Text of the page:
How people can call the film Racist because some of the characters were changed from Asian to White I'll never know. No one said anything when The King Pin in Dare Devil became Black or Robert Neville in I Am Legend went from being a middle-aged Caucasian male to a young African American man. Ben Campbell in "21" is in real life Jeffrey Ma, who actually has a bit part in the film as Planet Hollywood Dealer Jeff. Now if he had a problem with the film's adaptation in anyway do you really think he take part in it!
If you want a serious and informative documentary go watch the Discovery Channel. However this is the business of show baby and that means entertainment!
Directed by Robert Luketic this film, as you'd expect a Vegas film to be, has got charm, slick gloss, enthusiastic flair and bags of style. A combination of those makes it hard to reject the sheer delight of being swept up in the heady rush of fast wealth and the dicey (no pun intended) pleasure commonly coupled with the gambling thrill.
Jim Sturgess is very good as MIT geek and hero of the piece, Ben Campbell desperate for a scholarship at Harvard Med. Kevin Spacey gives the film quality and just about steals every scene he's in, while Lawrence Fishburne add weight and class to the show.
Possible SPOILER. The ending is very indefinite and you wonder if there was supposed to be an underlying message. If there was one in the closing epilogue narration/speech I understood it to be 'go to Vegas and try and win big by whatever means necessary and if you lose friends along the way and your self respect and possibly all of your money AND get beaten up in the process so what - it was amazing FUN WASN'T IT KIDS!?'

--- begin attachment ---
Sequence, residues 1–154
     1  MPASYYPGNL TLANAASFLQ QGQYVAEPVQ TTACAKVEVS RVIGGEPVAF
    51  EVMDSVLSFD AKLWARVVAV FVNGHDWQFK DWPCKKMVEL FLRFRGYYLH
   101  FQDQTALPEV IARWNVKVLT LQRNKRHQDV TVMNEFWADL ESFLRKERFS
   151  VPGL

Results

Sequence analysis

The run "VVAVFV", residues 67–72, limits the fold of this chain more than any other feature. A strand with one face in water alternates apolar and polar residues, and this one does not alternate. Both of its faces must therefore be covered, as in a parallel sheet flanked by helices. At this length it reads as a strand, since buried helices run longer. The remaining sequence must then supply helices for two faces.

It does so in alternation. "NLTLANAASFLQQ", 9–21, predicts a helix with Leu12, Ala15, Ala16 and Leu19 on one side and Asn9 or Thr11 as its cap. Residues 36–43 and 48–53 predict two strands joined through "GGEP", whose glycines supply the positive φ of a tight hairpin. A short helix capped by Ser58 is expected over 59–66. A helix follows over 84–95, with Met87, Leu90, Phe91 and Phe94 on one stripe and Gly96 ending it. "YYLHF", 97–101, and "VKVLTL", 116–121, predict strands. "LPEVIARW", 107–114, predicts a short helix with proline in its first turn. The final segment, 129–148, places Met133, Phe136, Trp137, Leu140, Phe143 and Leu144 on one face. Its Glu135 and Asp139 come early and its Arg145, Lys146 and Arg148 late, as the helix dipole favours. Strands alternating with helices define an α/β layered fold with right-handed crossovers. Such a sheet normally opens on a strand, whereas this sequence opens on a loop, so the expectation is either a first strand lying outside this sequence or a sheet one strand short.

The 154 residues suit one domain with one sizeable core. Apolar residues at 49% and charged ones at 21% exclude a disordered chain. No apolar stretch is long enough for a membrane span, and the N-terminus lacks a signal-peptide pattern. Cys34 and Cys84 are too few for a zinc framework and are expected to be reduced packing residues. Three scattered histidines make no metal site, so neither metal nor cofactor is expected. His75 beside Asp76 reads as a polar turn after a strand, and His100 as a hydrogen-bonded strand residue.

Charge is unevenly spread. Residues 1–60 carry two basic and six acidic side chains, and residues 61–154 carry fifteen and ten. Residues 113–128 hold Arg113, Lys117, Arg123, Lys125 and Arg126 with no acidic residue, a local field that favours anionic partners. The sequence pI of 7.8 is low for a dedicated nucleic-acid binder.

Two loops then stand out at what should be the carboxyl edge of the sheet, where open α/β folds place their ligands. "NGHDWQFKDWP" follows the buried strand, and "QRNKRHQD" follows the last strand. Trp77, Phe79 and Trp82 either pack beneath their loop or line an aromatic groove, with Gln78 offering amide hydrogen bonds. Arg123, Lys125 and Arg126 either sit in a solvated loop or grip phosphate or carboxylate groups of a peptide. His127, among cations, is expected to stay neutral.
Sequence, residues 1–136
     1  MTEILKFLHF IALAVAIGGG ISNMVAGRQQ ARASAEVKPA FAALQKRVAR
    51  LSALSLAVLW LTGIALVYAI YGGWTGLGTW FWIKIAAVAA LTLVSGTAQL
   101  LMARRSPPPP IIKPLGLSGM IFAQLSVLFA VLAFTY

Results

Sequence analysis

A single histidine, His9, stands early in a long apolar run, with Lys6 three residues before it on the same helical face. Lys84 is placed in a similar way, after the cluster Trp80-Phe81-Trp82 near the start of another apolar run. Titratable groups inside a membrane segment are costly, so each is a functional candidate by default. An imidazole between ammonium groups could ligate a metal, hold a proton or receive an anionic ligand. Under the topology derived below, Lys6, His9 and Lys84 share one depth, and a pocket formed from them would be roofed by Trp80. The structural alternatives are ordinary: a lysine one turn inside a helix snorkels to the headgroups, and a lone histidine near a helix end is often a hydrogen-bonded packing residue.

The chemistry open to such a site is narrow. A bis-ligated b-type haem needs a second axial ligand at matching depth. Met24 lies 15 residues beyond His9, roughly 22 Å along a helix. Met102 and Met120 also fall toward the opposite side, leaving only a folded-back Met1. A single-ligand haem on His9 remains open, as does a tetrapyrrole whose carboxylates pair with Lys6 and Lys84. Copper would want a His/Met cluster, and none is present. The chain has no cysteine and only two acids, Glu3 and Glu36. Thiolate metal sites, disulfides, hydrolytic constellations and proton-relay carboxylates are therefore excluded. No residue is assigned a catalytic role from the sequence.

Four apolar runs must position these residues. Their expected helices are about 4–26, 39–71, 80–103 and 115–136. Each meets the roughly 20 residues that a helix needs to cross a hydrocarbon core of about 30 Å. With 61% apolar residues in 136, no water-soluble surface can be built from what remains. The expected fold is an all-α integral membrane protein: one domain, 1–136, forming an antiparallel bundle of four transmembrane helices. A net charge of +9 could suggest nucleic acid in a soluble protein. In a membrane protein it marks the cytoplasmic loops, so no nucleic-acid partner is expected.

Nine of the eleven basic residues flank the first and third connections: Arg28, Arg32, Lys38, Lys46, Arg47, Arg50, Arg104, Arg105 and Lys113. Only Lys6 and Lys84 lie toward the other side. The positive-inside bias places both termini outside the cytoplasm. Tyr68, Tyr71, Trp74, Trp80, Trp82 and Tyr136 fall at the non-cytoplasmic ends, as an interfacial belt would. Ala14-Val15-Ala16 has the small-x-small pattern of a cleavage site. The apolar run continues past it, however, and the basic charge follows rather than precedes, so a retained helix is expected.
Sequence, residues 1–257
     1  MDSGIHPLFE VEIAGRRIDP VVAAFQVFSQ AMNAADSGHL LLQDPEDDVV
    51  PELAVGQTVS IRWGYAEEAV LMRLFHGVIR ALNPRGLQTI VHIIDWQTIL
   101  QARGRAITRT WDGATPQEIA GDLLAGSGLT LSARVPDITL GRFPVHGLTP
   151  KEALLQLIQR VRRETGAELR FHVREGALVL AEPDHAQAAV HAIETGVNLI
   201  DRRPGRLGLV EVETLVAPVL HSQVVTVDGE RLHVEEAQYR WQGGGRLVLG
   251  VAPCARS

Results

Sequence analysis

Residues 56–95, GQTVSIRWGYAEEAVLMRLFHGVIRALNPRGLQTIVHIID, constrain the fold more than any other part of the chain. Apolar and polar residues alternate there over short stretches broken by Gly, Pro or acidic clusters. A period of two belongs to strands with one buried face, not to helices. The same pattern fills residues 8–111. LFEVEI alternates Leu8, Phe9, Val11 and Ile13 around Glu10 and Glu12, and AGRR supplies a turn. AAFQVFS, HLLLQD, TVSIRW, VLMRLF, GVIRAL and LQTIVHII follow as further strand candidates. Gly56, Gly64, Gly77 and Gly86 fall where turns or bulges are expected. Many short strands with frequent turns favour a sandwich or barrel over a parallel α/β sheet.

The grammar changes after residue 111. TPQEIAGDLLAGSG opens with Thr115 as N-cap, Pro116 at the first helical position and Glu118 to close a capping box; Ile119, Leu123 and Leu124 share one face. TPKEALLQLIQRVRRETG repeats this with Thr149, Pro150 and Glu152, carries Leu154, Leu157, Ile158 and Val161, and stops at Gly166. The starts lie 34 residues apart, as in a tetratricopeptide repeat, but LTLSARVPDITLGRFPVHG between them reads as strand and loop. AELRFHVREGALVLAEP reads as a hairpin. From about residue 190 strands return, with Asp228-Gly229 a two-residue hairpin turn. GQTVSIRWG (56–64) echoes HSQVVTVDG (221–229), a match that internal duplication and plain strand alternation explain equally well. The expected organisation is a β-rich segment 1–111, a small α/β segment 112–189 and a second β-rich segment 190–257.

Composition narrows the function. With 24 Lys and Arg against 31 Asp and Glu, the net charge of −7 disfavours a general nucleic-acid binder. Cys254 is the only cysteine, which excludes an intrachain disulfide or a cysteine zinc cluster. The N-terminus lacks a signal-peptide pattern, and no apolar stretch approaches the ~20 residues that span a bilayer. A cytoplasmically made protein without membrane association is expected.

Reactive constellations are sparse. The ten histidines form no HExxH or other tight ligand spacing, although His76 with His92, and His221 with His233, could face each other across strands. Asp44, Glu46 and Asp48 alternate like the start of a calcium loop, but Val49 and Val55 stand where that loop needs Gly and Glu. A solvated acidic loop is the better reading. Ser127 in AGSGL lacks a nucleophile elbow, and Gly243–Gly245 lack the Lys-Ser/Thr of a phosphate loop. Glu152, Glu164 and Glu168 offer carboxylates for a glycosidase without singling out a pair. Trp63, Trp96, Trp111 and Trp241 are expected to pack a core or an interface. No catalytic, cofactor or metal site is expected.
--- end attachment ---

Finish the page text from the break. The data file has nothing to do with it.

There's plenty to like in 21. Robert Luketic's direction is stylish, and meshes well with the glitz and glamour of the Las Vegas setting that a majority of the film takes place in. Accordingly, the movie moves at a nice pace, and only slows to a noticeable halt during a handful of scenes. The acting is pretty good across the board, not only from veterans like Kevin Spacey or Laurence Fishburne, but also from younger leads Jim Sturgess and Kate Bosworth. There's also plenty to dislike in 21 though. The main fault is in the script, which suffers from a case of bland characterization and story beats. It's the typical rise-fall study that comes with the heist film genre, and while a admittedly clever twist in the third act tries to shake things up, it doesn't save the entire script from an overwhelming sense of familiarity. It's hard to root for characters when they struggle amid very ideal circumstances (the MIT-attending protagonist's main struggle is the fact that he can't afford to go to Harvard), and so this lack of relatability takes away from any impact that the poker games should have. You never find yourself caring all that much whether these characters are successful or not in their card counting scheme, and that hurts the film a lot. It probably doesn't help that the film doesn't even try to explain how card counting really works, so we as viewers are left in the dark as to what's truly going on.
"Winner winner chicken dinner?" Not quite.